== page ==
What saves all this from becoming a saccharine exercise in nostalgia is the sophistication with which these elements are fused together.
Given that he had just been talking about the fragments of railroad track in the thickets, if I were grading his review, I would ask first, What’s “all this”? And then, Who ever said the High Line was going to be nostalgic? He raises the specter of nostalgia only to demolish it, a one-paragraph tempest. I was so struck by his abuse of nostalgia in the High Line review that I went back through my clippings. Nostalgia came up again and again, never explained, always as a negative. In his similarly positive take on the designs for the East River Waterfront, he writes:
The typical riverfront developments of today, with their traditional lampposts and quaint park benches, drip with nostalgia for a city that never was.
I agree we should install no more reproduction 1880s streetlights. But “nostalgia” (whose nostalgia? Nostalgia for what era, what architect?) without context becomes a straw man, an illusory opponent for contemporary architects to triumph over.
A different straw man appears, bearing pitchforks, in Ouroussoff’s January 20 review of Renzo Piano’s Isabella Stewart Gardner addition.
More than a few eyebrows will likely be raised on Thursday when the Italian architect Renzo Piano unveils his design for the expansion of the Isabella Stewart Gardner Museum here. The cultural watchdogs of Boston don’t take well to change…
Well, the preservationists should put away their torches and pitchforks.
Whose eyebrows? Why pitchforks? I believe the stereotype that Boston is a city of conservative taste, but this sort of broad-brush introduction is too easy. He’s invented an opposition to the addition and then demolished it, in the space of two paragraphs. It is manufactured drama, and only delays our access to the building.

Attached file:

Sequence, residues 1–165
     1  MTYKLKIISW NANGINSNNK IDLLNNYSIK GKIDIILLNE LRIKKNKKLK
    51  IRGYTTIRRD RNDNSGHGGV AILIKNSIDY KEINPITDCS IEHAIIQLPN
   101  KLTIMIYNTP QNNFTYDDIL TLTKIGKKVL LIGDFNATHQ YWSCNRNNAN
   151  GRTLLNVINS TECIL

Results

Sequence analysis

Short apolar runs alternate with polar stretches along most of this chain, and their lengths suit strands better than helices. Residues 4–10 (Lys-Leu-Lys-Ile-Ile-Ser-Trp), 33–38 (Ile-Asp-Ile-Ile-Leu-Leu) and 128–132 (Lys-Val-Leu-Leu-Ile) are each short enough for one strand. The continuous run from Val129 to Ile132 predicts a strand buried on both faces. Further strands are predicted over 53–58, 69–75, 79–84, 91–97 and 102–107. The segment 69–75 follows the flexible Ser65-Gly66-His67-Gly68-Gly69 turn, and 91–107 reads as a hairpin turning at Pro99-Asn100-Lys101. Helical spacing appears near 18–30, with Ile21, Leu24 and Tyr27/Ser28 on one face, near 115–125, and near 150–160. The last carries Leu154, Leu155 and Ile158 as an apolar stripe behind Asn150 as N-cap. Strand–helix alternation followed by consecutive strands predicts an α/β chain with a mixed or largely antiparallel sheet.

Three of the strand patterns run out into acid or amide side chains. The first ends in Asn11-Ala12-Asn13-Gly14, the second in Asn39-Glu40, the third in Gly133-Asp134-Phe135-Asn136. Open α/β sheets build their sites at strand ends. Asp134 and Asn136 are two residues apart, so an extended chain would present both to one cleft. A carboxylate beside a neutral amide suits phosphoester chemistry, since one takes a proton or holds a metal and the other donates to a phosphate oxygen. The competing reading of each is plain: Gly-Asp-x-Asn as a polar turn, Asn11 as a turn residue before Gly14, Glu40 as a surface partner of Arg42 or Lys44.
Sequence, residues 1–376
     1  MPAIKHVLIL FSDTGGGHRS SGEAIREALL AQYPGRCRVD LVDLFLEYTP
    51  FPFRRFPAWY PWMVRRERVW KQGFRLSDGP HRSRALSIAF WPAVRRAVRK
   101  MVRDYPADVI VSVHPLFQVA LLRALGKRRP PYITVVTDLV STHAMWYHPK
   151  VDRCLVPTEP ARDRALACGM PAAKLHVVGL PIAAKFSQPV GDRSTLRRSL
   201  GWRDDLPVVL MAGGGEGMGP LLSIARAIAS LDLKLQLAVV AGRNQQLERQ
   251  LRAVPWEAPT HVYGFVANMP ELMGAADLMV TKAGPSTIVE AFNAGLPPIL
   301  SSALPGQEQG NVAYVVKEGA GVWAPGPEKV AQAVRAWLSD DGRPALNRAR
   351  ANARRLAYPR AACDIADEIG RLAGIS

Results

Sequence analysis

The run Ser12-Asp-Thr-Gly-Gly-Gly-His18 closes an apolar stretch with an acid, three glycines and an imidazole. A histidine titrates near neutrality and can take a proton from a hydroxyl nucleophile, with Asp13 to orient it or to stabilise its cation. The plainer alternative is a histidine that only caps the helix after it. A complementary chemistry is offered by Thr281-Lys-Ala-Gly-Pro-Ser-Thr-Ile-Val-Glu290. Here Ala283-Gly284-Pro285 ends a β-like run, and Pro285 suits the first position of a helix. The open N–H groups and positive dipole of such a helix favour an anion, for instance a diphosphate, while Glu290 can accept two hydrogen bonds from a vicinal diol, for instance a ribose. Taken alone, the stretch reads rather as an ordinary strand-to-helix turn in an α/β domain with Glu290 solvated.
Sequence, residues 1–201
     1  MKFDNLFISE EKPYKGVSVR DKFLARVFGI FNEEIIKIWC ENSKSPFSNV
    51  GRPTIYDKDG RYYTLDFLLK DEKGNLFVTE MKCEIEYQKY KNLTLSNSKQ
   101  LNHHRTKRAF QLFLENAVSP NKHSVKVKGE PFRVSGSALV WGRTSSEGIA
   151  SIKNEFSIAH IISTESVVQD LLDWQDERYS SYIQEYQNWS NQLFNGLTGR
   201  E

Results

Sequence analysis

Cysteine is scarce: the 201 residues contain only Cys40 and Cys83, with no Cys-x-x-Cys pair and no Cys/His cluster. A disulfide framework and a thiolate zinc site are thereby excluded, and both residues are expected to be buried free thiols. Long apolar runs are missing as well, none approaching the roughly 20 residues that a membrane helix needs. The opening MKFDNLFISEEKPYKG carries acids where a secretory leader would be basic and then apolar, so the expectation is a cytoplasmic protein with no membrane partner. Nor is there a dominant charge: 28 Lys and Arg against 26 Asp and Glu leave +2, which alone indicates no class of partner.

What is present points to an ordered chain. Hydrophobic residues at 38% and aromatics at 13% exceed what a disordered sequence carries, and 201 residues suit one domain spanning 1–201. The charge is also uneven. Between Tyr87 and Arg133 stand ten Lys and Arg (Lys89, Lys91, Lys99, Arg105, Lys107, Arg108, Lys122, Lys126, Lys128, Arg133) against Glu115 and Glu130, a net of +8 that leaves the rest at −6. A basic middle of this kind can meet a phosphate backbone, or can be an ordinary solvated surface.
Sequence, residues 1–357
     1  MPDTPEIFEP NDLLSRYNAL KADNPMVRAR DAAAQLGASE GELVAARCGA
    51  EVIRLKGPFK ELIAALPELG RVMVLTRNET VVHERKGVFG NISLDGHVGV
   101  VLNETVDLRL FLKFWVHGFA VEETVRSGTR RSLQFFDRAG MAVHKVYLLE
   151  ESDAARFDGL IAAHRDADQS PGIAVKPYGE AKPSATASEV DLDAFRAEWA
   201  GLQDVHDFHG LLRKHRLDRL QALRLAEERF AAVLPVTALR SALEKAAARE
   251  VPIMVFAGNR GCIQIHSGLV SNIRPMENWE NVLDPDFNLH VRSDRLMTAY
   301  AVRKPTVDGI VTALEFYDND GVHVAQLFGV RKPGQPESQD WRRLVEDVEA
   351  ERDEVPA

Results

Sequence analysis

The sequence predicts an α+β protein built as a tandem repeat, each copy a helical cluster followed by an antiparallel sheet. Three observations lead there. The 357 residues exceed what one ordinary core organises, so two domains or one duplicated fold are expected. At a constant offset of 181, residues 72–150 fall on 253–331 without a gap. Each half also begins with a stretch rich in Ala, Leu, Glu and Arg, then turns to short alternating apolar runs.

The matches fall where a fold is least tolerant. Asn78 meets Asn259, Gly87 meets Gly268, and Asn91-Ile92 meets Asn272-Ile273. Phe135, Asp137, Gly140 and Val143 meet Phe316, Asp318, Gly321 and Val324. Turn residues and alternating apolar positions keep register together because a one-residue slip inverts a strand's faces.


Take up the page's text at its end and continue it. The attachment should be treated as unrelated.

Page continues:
If the design has a flaw, it’s not that it tramples all over Gardner’s memory, but that it holds it in too high regard. Mr. Piano has been so careful to protect the sanctity of the existing museum in his design that you may find yourself tiptoeing through the galleries instead of floating joyously through them as visitors do today.
Why shouldn’t we raise our pitchforks against banality? If you read previous Ouroussoff reviews of Piano’s work, you realize that he has made the argument that Piano is too cautious — possibly nostalgic! — before. Here, about Piano’s addition to the Whitney Museum:
Such humility may seem laudable. Who doesn’t want to preserve the city’s architectural legacy? But great design is never cautious; it cannot arise amid a climate of fear. The risk is that the building will ultimately be too subdued, as if it is trying too hard to fit in.
If Piano really is as boring as all that, Ouroussoff should finish him off, shaming museum directors out of ever hiring him again. But he can’t do that, because sometimes he likes Piano, and history too: